Being able to monitor trends, collect data about platform engagement, and track review or news sites for pertinent information is essential to developing content that actually reaches people.

Data can help answer questions like, “Who are we selling to?” “What topics resonate with them?” and “Who and where are they getting their information from?”

Popular retailer Kohl’s, for example, uses both internal and external data to track customer behavior in-store and then creates targeted email campaigns based on their findings. They also analyze their online data to find relevant content to send to customers in multiple mediums.

Without data, marketing to a mass audience is a shot in the dark. You may hit on relevant content, but you’ll never be able to repeat your results. Data helps pinpoint real-time user activity so you can narrow down your marketing efforts in meaningful ways.

But just because data is essential to seeing results doesn’t mean every company knows how to successfully use it to drive their content..

How Companies Use Data-Driven Content Marketing

One of the biggest driving factors for content creation is SEO. Search engines like Google and Bing often reward websites that publish dynamic content with better rankings. This is partially why so many companies are now using frequent, fresh content to improve their online visibility.

So where does data fit into the process?

Some digital marketers use web crawlers and other data scraping techniques to scan competitors’ sites and analyze trending topics. Typically, they’ll scrape specific company pages or even social media networks to see what people are saying about certain topics, companies and/or products and then create content relevant to those trends.

If they find a mention related to their business, industry or product, they might extract data like related posts, comments, URLs, hashtags, and even tweets and number of likes. They will then use that data to generate relevant content.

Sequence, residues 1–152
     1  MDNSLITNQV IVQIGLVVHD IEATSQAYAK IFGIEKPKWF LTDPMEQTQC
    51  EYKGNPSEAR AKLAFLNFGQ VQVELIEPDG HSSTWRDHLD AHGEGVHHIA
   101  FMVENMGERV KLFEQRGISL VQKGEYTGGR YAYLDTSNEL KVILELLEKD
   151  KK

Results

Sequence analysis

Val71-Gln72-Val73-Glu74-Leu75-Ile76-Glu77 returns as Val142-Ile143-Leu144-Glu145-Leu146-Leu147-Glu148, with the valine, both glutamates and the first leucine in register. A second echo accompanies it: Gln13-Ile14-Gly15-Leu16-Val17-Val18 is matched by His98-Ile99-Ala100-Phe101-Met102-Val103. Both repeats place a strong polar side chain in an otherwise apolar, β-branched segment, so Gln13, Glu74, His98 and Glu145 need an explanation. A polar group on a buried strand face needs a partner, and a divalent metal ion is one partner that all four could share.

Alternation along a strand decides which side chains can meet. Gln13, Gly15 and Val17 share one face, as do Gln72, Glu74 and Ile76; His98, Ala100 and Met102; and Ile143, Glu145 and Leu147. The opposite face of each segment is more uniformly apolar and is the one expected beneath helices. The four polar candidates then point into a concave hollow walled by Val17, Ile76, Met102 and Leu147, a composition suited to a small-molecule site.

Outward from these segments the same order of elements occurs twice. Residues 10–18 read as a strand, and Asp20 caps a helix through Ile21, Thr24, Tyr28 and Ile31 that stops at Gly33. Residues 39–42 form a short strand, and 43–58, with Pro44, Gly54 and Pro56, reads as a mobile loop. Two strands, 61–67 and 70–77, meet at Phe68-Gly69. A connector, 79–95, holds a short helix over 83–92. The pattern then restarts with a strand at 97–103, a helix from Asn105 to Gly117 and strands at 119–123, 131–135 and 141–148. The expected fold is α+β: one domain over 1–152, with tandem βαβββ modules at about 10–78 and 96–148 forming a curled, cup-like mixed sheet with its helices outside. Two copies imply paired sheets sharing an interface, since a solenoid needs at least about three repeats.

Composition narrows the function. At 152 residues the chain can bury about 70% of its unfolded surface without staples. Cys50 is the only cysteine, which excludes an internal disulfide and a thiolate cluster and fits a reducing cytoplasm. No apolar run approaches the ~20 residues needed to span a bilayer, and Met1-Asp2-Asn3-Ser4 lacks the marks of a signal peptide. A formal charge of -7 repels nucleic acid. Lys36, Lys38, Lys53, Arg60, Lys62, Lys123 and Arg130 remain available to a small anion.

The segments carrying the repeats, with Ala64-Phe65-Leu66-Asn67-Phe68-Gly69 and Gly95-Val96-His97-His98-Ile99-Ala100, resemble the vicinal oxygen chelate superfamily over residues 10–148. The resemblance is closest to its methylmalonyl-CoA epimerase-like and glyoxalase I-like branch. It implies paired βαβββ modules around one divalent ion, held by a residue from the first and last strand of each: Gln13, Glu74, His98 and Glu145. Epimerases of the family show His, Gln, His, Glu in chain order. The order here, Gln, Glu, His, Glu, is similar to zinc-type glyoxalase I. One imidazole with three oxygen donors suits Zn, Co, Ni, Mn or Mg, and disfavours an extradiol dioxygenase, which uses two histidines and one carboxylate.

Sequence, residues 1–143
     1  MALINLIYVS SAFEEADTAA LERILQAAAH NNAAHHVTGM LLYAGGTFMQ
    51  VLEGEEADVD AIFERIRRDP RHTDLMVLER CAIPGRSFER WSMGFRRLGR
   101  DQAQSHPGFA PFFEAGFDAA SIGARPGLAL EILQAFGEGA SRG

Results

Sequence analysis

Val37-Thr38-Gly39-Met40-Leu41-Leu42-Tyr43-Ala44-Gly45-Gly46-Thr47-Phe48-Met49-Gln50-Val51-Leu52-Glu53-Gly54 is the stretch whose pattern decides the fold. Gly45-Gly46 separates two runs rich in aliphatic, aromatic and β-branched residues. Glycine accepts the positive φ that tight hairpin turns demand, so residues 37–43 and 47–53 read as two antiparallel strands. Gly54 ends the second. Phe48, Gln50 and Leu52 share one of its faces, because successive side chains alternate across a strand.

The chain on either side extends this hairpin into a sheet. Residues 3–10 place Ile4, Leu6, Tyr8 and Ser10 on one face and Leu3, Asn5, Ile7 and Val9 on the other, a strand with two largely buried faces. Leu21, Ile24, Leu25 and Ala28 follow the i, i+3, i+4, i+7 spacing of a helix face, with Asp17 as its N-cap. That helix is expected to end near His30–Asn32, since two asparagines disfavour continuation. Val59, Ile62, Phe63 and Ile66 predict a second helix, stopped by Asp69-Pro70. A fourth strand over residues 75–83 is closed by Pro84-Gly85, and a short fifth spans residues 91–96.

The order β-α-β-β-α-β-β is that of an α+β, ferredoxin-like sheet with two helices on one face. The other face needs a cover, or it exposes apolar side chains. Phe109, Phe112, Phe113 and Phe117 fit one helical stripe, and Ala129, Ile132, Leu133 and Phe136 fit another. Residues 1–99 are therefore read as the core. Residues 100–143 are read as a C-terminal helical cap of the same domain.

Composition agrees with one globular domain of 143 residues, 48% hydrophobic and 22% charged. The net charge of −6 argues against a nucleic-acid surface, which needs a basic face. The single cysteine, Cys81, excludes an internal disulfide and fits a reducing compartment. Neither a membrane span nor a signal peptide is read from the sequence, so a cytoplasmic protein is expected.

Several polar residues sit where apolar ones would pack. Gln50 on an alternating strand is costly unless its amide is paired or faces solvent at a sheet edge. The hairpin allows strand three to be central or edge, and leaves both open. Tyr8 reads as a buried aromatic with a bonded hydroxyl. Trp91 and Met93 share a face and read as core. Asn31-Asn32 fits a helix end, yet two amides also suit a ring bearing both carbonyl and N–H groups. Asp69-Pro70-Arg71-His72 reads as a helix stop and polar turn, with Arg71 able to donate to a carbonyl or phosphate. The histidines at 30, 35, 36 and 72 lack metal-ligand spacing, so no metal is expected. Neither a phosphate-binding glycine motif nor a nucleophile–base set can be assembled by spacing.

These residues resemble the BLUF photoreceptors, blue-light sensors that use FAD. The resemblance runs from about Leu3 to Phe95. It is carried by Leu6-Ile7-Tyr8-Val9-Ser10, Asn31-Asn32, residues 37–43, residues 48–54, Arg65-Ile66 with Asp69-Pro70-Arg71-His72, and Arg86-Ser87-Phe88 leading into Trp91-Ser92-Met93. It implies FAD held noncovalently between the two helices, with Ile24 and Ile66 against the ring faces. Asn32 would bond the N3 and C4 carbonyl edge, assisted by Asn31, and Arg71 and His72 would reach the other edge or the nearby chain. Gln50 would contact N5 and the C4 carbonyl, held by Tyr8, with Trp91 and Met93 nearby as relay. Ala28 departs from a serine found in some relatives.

They will even use data to perform content audits on their own sites for better ROI. Kissmetrics actually uses data scraping to create a list of all of their own blog’s content to determine which topics rank the best and which titles and keywords have the highest click-through rates. They also use that data to build a list of the leading influencers in their industry.

Data scraping can also be used for content related things like:

  • Getting product reviews from retailers to determine customer pain points
  • Finding news sites to curate content for your own website visitors
  • Crawling sites for statistics for general marketing research

While the application of data-driven marketing is vast, the real question for many businesses still remains the same: How will we use this data to create content and what type of content should we create?

For the majority of businesses, the output of this data is blogging. Surveys show that 76% of B2C businesses have a blog and/or participate in frequent writing-related content marketing efforts. While blogging is a significant generator of SEO and inbound leads, it’s not the only thing that can reach customers.